Last year's 20 percent increase in earmarks - which produced a total of about $20 billion in pork spending for 2002 - defied determined efforts by Daniels. President Bush had proposed a 50 percent cut in the earmarked spending that had been approved by Congress in 2000 and warned that he would not approve spending measures that were loaded with "fat."

"On the list of things we did well last year, this will not appear," Daniels said yesterday of his pork-fighting campaign.

He observed, though, that Bush used a veto threat to prevent Congress from adding to the overall spending total that he and lawmakers had agreed to before money was allocated within the individual spending bills.

That effort succeeded largely because Republicans on the House and Senate Appropriations committees reluctantly agreed to stand behind Bush - in the midst of the war in Afghanistan - even though they thought more money was needed for homeland security and were under pressure from lawmakers eager for an excuse to spend more at home.

Daniels said he would take a more surgical approach this year, trying to trim specific categories of pork barrel spending, such as research grants that are sent to universities all over the nation for studies that Congress directs.

"Research dictated by Congress is not a way to achieve excellence in science," Daniels said.

But Republican appropriators are no more inclined than Democrats to yield any of their power to direct federal money to specific projects that they believe are important to their constituents.

Lawmakers seek seats on the Appropriations Committee specifically to be able to have greater influence over spending. They maintain their power by sharing it with other lawmakers, so nearly everyone gets something to boast about at home. Politically vulnerable lawmakers sometimes receive extra goodies from their party leaders to solidify their position at the polls.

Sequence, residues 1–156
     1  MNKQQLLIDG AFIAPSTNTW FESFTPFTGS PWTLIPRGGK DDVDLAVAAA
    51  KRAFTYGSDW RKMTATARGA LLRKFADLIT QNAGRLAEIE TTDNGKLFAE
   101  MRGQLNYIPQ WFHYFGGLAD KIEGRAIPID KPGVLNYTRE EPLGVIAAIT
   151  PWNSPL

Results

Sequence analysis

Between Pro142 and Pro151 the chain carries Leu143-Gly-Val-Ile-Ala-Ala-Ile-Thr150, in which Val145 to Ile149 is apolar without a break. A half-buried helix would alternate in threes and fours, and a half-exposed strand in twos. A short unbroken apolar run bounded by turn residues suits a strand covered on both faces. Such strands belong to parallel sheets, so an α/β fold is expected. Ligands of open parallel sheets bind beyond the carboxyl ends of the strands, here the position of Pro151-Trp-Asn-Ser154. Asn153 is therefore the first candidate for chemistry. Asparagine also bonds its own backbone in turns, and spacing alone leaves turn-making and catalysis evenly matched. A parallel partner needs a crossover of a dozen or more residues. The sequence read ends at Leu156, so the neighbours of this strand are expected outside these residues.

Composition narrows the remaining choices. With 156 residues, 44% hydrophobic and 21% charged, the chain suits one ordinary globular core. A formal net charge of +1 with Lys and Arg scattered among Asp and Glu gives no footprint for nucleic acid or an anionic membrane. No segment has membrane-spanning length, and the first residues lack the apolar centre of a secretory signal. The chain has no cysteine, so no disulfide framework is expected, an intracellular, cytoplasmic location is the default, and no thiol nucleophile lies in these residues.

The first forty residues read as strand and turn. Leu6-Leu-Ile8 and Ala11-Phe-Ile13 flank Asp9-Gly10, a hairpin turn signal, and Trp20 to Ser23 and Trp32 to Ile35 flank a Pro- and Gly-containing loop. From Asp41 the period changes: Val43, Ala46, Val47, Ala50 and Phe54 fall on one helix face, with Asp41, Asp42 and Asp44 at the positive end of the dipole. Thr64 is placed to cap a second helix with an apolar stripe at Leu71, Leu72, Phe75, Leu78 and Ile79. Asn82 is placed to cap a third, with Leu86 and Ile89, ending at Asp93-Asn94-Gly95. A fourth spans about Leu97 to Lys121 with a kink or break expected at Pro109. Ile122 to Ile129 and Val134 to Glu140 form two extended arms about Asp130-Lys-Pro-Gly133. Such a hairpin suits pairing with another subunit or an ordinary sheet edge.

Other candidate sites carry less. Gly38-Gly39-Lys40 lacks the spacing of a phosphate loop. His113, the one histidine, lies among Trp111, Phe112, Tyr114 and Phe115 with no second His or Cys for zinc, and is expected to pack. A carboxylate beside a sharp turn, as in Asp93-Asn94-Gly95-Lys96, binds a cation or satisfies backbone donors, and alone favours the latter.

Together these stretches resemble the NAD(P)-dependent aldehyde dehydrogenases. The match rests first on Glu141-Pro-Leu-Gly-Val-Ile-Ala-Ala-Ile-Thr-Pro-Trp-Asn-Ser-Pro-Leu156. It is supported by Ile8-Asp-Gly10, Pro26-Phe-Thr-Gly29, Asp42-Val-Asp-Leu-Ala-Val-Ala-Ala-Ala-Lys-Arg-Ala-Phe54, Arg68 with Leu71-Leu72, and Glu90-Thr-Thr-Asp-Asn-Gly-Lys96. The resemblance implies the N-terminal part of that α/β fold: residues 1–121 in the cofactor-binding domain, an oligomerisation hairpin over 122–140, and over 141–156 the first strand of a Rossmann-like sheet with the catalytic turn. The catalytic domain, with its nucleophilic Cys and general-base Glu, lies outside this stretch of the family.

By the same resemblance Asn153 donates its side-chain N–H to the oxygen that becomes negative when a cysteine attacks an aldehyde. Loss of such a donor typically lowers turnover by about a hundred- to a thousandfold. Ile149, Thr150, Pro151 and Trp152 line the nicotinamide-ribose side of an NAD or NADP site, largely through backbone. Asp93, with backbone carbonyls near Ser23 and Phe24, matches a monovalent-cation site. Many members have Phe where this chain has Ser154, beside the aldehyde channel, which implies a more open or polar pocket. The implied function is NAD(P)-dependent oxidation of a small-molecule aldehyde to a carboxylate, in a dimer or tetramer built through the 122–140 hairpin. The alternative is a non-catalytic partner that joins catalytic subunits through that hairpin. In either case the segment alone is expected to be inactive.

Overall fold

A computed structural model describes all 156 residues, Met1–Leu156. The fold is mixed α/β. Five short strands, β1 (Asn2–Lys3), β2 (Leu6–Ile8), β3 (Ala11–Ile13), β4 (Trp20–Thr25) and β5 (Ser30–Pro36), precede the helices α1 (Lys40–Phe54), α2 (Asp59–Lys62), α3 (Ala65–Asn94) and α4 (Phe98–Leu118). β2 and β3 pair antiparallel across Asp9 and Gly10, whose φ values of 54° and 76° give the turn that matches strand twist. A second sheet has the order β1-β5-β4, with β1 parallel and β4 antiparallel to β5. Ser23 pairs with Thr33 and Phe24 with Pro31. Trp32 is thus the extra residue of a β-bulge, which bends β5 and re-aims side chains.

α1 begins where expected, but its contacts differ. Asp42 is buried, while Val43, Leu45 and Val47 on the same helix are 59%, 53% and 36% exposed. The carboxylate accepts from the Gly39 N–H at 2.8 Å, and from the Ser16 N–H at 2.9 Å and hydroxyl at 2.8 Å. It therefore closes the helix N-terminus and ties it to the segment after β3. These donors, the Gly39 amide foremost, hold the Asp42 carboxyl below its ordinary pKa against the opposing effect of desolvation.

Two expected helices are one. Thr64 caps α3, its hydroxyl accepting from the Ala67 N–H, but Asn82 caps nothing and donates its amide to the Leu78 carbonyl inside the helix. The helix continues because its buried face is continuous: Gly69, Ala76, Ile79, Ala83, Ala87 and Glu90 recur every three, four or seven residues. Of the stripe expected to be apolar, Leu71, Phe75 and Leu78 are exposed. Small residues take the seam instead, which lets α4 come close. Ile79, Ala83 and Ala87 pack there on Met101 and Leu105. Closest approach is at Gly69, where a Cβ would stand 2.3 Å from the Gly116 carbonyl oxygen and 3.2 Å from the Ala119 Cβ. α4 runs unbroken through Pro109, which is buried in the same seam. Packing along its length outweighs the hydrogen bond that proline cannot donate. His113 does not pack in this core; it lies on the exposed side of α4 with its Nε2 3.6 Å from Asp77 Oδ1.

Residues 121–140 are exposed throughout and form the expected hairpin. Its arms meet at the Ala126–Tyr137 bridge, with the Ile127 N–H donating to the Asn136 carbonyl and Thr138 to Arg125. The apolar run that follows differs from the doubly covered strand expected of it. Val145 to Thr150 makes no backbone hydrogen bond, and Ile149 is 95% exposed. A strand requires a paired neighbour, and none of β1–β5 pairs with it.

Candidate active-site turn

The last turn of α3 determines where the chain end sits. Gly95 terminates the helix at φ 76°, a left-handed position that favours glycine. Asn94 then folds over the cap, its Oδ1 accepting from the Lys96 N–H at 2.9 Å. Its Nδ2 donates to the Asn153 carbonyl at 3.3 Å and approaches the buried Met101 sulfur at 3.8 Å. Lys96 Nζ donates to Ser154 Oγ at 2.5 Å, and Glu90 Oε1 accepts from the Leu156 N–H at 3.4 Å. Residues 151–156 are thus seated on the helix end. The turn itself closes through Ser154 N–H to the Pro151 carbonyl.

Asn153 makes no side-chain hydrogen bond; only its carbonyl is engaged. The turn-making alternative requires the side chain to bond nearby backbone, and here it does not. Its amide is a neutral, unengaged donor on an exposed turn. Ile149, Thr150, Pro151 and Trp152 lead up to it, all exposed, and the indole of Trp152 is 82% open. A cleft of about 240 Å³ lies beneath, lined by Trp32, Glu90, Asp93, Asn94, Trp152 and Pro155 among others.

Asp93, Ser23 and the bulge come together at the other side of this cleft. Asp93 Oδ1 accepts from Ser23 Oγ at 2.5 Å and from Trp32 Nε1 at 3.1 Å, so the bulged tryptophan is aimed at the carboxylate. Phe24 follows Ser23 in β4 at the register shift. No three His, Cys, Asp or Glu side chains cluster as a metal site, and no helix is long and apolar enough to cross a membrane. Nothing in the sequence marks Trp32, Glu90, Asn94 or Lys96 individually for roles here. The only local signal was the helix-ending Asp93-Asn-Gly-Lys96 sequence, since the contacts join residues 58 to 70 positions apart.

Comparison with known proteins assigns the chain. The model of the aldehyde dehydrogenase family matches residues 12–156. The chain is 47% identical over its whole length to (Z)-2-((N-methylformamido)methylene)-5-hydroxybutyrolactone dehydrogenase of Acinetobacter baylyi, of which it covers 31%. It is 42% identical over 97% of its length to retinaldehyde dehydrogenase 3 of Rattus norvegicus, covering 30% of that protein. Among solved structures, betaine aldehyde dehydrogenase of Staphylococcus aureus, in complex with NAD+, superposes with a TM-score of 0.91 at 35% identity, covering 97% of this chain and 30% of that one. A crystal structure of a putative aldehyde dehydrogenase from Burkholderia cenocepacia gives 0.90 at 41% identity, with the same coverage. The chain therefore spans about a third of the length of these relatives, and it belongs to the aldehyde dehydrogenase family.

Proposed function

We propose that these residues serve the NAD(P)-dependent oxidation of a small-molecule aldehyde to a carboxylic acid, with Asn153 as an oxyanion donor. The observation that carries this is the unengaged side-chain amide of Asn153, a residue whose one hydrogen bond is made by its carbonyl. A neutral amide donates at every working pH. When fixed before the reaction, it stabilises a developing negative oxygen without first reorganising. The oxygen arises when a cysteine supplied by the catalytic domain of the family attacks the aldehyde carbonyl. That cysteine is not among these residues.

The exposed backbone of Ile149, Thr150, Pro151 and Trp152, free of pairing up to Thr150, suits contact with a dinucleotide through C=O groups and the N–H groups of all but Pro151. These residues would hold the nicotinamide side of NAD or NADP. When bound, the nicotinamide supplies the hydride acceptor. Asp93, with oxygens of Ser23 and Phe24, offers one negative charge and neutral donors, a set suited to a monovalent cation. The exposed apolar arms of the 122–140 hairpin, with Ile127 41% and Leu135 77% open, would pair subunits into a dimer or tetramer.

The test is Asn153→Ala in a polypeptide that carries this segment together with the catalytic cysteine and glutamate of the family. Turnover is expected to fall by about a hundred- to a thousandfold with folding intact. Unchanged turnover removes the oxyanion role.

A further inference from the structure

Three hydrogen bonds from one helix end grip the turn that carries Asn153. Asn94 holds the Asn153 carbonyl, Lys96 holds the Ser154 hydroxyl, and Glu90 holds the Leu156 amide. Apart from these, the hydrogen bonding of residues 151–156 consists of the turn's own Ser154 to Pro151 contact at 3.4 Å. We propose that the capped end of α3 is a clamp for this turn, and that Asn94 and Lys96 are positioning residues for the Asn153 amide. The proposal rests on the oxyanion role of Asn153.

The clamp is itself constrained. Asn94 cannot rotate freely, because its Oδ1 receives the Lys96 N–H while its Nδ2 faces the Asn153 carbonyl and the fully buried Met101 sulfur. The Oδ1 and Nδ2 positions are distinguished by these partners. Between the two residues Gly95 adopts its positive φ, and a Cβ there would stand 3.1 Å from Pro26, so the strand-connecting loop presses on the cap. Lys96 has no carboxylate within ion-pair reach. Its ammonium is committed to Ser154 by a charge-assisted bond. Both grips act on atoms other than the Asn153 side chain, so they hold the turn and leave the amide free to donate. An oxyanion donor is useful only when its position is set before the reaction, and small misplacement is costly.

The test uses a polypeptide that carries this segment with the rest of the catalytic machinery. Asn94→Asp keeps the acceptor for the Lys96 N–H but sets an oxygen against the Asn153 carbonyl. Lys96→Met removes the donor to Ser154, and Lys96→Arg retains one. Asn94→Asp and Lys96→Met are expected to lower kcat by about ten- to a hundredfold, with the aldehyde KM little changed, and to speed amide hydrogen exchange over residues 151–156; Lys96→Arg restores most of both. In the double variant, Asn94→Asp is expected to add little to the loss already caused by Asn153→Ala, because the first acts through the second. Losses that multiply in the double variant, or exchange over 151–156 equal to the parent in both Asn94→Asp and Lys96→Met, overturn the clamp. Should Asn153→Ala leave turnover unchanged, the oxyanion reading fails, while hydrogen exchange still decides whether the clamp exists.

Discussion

Their directives run through the entire government: highway upgrades, soil studies, a Sports Racing Museum in South Carolina, imported fire ants for New Mexico, winter recreation alternatives for the residents of Fairbanks, Alaska, and laptop computers for Baltimore city police, courtesy of Sen. Barbara A. Mikulski, a Maryland Democrat who serves on the Senate Appropriations Committee.

Power trumps priorities

"We consider [earmarking] our constitutional prerogative, and we will defend it fiercely," said John Scofield, a spokesman for Rep. C.W. Bill Young, a Florida Republican who is chairman of the House Appropriations Committee.

Critics of the earmarking process acknowledge that many of the individual projects have merit. But they complain that little consideration is given to national priorities. Rather, they say, the decisive factor in determining whether a project receives money is the influence of its legislative patron.

"Spending money is a matter of public trust," said Sean Rushton of Citizens Against Government Waste, a watchdog group that issues an annual "pig book" of pork-barrel projects. "When these decisions are made behind closed doors, it undermines voters' confidence in government and raises doubts about whether taxpayers in states that don't have a lot of influence in the process are being treated fairly."

Rep. Steny H. Hoyer, a Democrat from Southern Maryland and senior member of the House Appropriations Committee, agreed that the process favors those willing and able to exploit it. But he contended that wasn't necessarily a bad thing.

"For example, I got some money to test the salinity of the Chesapeake Bay," Hoyer said. "Nobody argues with that, because we don't spend enough money on the bay. There could be 10 other projects just as good, but mine gets the money because I'm on the committee. Maybe that's not fair, but that doesn't make it wrong."